Volume 5, Issue 1: 2012

Afterword: Volume 5, 2012

by Diane Kelly-Riley and Peggy O'Neill, Editors

Traditionally, editors write an introduction to each issue of a journal, linking articles, identifying themes, and explaining what unifies the volume. However, because our volumes evolve organically with articles being published online as they are deemed ready through the peer-review process, that traditional approach doesn't work. Instead, we have opted for an Afterword, an opportunity to look back, to see what links and themes have emerged in the volume.

Volume Five marked the first full online issue that we compiled as editors. In 2001, Brian Huot and Kathleen Yancey started Journal of Writing Assessment, stating, "we believe that the academics who see the need for a journal, who write, research, and edit the articles should make the decisions about who should edit and retain control [of the journal]" (pp. 1-2). We've remained committed to the independent spirit that inspired Huot and Yancey in starting this journal: One that is by and for scholars, and whose publication agenda remains in the hands of our teacher and scholarly community.

We've also felt that another mission of JWA is to document emerging methodologies and best practices attentive to the writing assessment community, and to begin to highlight models of inquiry that can expand the ways in which our field conducts scholarship. Huot and Yancey explained that JWA would bring a "commitment to publish a wide range of writing assessment scholarship for a wide range of scholars and teachers" (p. 2). We have also remained committed to promoting this diversity of scholarship while also making it available to all those interested in the topic through our decision to publish JWA as an online, open access journal. Our first volume remains true to the founding editors' commitment while also bringing our own perspective to it.

A look back at Volume 5 shows variety and range in the writing assessment scholarship.

The first article links writing centers and student learning. Katherine Schmidt and Joel Alexander take an innovative approach to looking at the effects of writing center tutoring on students' belief in their own writing abilities in "The Empirical Development of an Instrument to Measure Writerly Self-Efficacy in Writing Centers." Schmidt and Alexander acknowledge the complicated situation of articulating outcomes within a writing center setting--a setting that is decidedly process-oriented and has difficulty articulating outcomes for its enterprise. As a result, they examine students' perception of their own self-efficacy related to writing to gauge the impact of writing center tutoring on students' work. Also, this piece describes a new empirical tool--the Post-Secondary Writerly Self-Efficacy Scale (PSWSES). This tool "focuses more on self-efficacy beliefs related to writing than on confidence in writing skills because the focus is, and should remain, on assessing the internal construct and not the skill, which varies uncontrollably from assignment to assignment and from discipline to discipline." Their foray into empirical inquiry in writing center settings embarks on important work--the PSWSES enables similar research to be explored and validated in other writing center settings. They have done important theorizing and initial validation of this scale as a potential research tool in other writing center settings.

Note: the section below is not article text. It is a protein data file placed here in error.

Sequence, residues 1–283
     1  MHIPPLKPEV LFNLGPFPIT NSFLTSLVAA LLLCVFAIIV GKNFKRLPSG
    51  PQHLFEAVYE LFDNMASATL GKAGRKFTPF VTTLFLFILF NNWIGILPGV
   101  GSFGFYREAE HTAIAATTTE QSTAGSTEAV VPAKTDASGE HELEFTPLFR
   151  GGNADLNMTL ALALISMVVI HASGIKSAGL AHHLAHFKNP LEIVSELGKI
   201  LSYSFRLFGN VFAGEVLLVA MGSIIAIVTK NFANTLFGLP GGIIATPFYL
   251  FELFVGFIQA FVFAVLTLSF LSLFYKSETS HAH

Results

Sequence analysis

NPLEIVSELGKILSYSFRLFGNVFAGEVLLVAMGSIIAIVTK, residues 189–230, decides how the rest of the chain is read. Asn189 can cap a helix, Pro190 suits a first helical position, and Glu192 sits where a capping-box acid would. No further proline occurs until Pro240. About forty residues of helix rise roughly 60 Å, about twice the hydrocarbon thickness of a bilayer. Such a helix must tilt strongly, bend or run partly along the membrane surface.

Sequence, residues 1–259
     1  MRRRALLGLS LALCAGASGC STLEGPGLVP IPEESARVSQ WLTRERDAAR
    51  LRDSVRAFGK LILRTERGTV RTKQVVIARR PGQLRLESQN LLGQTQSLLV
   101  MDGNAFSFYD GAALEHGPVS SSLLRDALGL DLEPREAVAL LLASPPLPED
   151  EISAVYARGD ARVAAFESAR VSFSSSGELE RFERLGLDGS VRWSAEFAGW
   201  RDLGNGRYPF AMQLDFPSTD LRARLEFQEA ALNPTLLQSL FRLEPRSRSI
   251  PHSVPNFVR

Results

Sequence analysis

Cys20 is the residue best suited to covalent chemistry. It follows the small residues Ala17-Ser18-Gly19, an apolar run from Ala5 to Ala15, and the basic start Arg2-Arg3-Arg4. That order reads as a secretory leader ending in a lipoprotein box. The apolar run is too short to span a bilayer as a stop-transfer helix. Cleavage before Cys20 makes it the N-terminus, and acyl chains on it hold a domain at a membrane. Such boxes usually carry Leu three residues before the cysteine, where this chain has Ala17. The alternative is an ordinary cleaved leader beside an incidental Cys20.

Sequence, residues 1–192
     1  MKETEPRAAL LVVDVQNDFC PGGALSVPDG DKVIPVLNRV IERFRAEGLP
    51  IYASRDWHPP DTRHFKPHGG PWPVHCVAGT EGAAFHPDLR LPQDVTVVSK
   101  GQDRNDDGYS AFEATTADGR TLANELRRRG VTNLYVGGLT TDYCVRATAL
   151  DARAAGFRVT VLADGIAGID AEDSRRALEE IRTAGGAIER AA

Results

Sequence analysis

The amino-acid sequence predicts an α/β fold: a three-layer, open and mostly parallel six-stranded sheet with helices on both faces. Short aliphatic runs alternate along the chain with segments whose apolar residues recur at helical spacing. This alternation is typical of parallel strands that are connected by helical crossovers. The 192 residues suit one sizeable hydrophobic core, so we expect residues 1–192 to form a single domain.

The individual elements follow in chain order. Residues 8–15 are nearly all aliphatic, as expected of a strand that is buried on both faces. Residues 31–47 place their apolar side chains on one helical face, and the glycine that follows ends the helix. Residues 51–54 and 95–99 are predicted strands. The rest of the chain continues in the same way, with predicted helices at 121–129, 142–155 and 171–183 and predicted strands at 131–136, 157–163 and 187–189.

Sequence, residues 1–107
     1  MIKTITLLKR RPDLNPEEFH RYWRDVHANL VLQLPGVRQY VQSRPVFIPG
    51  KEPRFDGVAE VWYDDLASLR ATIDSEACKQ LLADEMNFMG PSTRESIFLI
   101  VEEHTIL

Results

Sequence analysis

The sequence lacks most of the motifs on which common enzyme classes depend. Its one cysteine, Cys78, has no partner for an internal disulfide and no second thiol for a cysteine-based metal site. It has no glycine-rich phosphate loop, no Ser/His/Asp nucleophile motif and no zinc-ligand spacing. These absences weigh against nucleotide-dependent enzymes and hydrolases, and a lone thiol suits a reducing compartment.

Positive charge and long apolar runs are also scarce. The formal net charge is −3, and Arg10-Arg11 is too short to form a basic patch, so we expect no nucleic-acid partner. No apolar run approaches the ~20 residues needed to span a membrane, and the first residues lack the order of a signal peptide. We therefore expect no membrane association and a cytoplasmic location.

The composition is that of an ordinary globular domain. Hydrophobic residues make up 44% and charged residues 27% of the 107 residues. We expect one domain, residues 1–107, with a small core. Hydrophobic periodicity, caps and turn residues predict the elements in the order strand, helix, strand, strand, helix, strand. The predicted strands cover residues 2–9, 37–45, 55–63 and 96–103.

In "College Students' Use of a Writing Rubric: Effect on Quality of Writing, Self-Efficacy, and Writing Practices," Amy Colvill looks at the usefulness of rubrics--examining how the use of a rubric effects students' "writing beliefs, practices, and performance." She finds that while the rubrics help articulate language for students and faculty, they don't seem to have any significant effect on students' performances. Likewise, Colvill's project highlights research conducted within a classroom, an important site for writing assessment practice and research. Again, Colvill's use of quasi-experimental design provides a model for others to use and build upon her findings.

Jeff Sommers offers another approach to classroom-based writing assessment inquiry. His article, "Response Rethought... Again: Exploring Recorded Comments and the Teacher-Student Bond" does a comparison study of the benefits of audio comments over written comments on students' writing. Sommers notes that a prevailing metaphor for responding to student writing is the conversation. Through his systematic inquiry into his own audio responses to students, he argues for moving beyond the metaphor to actually carrying on a conversation with students through spoken commentary about their writing is much more effective than written comments. At the core, recorded comments offer the opportunity to extend the classroom instruction and go beyond an assessment of the student's work. Sommers' project examines not only the features of oral commentary, but also documents the different types of comments possible via recorded commentary, and that these oral comments are significant. Sommers employs innovative research methodology in his comparative approach to previous work on audio commentary, but also in a small-scale study he conducts with his own practices. Again, this provides the field with a model to further explore in different settings.